Validating Aircraft Peformance using Computational Fluid Dynamics
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- Aerodynamics and Fluid Mechanics; Aerospace Engineering; Engineering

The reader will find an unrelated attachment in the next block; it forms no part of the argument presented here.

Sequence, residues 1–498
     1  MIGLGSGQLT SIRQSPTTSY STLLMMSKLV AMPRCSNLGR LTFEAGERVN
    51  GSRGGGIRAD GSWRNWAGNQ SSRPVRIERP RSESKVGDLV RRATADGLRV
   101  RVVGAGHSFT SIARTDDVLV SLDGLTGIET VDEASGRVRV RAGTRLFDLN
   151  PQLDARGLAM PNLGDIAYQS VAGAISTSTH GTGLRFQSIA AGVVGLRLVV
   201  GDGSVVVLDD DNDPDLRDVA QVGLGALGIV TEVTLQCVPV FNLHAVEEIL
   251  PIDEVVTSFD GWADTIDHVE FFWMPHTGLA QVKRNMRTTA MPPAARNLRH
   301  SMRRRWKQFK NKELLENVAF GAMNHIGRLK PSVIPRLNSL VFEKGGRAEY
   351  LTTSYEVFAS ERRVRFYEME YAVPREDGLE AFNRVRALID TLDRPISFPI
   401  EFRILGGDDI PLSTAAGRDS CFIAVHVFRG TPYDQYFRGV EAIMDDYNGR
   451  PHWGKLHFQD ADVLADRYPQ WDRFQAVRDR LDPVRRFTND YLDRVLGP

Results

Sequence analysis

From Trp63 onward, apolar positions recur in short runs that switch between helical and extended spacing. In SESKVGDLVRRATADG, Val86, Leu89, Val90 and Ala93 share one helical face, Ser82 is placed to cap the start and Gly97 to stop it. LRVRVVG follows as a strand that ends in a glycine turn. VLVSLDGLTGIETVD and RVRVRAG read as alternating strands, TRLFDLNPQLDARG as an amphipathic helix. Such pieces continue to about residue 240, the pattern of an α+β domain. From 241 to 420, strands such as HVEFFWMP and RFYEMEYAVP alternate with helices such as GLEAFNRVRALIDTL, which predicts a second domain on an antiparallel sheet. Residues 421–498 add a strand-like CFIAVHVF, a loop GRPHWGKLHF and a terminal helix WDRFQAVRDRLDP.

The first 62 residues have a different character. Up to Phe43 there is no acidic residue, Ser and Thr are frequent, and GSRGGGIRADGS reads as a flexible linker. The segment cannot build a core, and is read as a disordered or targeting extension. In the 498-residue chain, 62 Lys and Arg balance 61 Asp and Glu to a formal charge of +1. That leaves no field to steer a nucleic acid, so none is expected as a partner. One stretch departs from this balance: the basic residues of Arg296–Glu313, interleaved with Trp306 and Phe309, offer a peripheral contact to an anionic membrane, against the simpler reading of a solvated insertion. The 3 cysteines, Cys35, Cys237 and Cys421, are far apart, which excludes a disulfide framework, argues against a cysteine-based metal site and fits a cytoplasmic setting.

The Preliminary Research AerodyNamic Design to Land on Mars (PRANDTL-M) mission is to implement geometric twist in the wing design to produce a spanwise bell-shaped lift distribution and minimize induced drag for flight in the Martian atmosphere. A bell- shaped lift distribution drives the lift to zero at the wingtips, eliminating both the negative effects of wingtip vortices (adverse yaw) and the necessity of vertical stabilizers. To prove this concept and ensure its success, it is important to numerically evaluate the performance of the aircraft in its design stages and validate the results with flight data and other computational methods. Characterizing the performance of the PRANDTL-M aircraft involves conducting a computational fluid dynamics analysis on the airfoil geometry utilizing a two-dimensional method of airfoil analysis and a three-dimensional vortex lattice method. Airfoil coordinates are used as inputs to compute the aerodynamic coefficients. The changing shape of the PRANDTL-M airfoil along the wing requires that an integration method be used in conjunction with the two dimensional method of airfoil analysis in order to yield the total coefficients of lift, drag, and pitching moment. The results from the two and three dimensional analyses will be compared with each other and then validated with the aerodynamic coefficients that are computed from parameter identification test flight data.